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Washington's Aides-de-Camp

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Title: Washington's Aides-de-Camp  
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Subject: George Washington, Alexander Hamilton, Whiskey Rebellion, Federalist Era, John Adams (miniseries)
Collection: American Soldiers, George Washington
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Washington's Aides-de-Camp

Thirty-three men served as General George Washington's aides-de-camp during the War for American Independence, according to "the authoritative list of Washington's aides and secretaries compiled by Worthington Chauncy Ford in 1906. He was the chief of the Manuscripts Division of the Library of Congress at the time."[1] Ford adds Martha Washington to the list to acknowledge that she worked at Washington's headquarters office.

General Washington said about recruiting such men,[2]

They ought to be men of abilities...constantly calling for talents and abilities of the first rate: men who possess them ought to be taken wherever they can be found.

List of aides-de-camp

  • Col. Albert Pawling served as Gen. Washington's Aide-de-camp from 1778 to March of 1779. Acting under a mistaken impression, Major Pawling in 1779 sent in his resignation, which, however, he could not be induced to recall, even by the following letter from Washington:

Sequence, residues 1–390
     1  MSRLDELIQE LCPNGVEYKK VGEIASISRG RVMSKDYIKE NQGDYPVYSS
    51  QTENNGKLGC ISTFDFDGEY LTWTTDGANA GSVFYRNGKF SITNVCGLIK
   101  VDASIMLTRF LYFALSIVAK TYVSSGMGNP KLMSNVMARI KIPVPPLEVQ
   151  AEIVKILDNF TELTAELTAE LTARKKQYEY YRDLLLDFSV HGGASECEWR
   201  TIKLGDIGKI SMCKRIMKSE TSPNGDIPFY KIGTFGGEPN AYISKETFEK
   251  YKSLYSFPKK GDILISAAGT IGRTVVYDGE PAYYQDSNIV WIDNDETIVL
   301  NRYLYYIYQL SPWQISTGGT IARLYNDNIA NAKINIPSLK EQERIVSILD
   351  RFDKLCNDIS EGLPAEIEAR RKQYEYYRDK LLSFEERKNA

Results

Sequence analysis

"'Headquarters, Middlebrook, 2d March, 1779.

'Sir: In your letter of 25th ult., you seem to have misconceived the intention of Congress, upon which is founded your application for leave to resign.

'It is not their purpose to reduce Col. Malcolm's regiment. This will be incorporated with Col. Spencer's, and as you are the only major in the two regiments, of course you will be continued.

'After considering the just claims which the country has on good officers, I am persuaded you will suspend your application.

'I am, sir, 'Your must humble serv't, 'Geo: Washington

'To Major Albert Pawling.'"

Years later Col. Pawling became a founder and father to the City of Troy, New York. He served three terms as village president, and was appointed first mayor of the city.


  1. ^ Lefkowitz, p. 15
  2. ^ Jon C. Fitzpatrick, ed. (1931-44). The Writings of George Washington, U.S. Government Printing Office. 10:378.
  3. ^ Lefkowitz, p. 256
  4. ^ From a 28 June 1931 Syracuse Newspaper Story About DAR Marking Graves of 595 Revolutionary War Soldiers Buried in Onondaga County. “Marking of Revolutionary War Graves By D.A.R. Signals Start of Campaign to Identify 595 in Onondaga County.”
  5. ^ Lefkowitz, p. 56
  6. ^ Lefkowitz, p. 262
  7. ^ Lefkowitz, p. 54


  • Lefkowitz, Arthur S.(2003). George Washington's Indispensable Men: The 32 Aides-de-Camp Who Helped Win the Revolution, Stackpole Books.
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